A great singer from Lesley's period of greatest artistic success established a relationship with the listener in the sense that it became instantly impossible to imagine a world in which her songs had never existed. Very few singers from that period (1962 through 1965) can say that. The Ronettes' "Be My Baby" did it. The Shangri-Las' "Remember Walking in the Sand" did it. Both of those groups were somewhat erroneously perceived as creations of the studio, in the case of the Ronettes the credit typically going to Phil Spector and with the Shangri-Las to Shadow Morton. And the efforts of those respective producers cannot be dismissed. But what they did in the final analysis--and this is also true of Quincy Jones regarding Lesley Gore--is they had very good ears and intuited a way of reproducing the essence of what these women wanted to communicate. Some people in the business had a spark. These women were human blowtorches with enough vocal firepower to level Philadelphia. In short, it was not so much that Phil Spector "discovered" the Ronettes or that Shadow Morton "recorded" the Shangri-Las or that Quincy Jones "worked the dials" with Lesley Gore. What mattered more was that these young women discovered them.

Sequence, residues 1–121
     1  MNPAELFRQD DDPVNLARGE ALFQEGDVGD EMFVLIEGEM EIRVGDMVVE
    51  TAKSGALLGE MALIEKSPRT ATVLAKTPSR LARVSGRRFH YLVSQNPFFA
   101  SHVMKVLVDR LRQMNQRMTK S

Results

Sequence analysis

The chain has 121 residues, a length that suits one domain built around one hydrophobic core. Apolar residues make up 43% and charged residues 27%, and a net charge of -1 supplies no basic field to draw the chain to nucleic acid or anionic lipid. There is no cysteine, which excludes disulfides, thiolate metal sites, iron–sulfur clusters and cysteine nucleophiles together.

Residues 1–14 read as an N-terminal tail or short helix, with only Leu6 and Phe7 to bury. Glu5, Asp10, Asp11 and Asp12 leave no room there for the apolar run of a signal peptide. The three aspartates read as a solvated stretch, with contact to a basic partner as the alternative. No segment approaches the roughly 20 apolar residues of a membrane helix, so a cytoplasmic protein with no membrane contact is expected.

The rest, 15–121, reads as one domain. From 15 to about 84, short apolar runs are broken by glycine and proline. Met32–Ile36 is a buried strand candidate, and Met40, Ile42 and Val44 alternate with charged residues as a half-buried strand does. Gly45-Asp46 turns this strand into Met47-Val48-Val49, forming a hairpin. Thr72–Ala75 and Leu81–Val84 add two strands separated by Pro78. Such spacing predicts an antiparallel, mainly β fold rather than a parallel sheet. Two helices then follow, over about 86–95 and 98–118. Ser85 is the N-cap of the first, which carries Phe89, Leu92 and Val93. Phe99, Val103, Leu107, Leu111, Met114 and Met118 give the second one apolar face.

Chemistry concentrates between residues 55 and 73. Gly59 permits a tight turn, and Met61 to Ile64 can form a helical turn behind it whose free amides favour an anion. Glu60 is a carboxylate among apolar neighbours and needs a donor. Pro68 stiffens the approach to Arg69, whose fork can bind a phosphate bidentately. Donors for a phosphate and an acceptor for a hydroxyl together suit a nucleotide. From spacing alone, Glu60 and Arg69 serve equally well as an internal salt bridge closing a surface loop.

So tonight our contemporary versions of the radio (Spotify, YouTube, whatever) will play and replay Lesley's body of work. We will be moved. We may mourn that which we possibly had forgotten we knew. But we will not likely see a reflection of her gift again in our lifetimes. For that alone--and being alone is ultimately at the core of all her best recordings--it is our turn to cry.
Quincy Jones, Lesley Gore, and unidentified friend

Saturday, February 14, 2015


  If you like it, please share it. Thanks!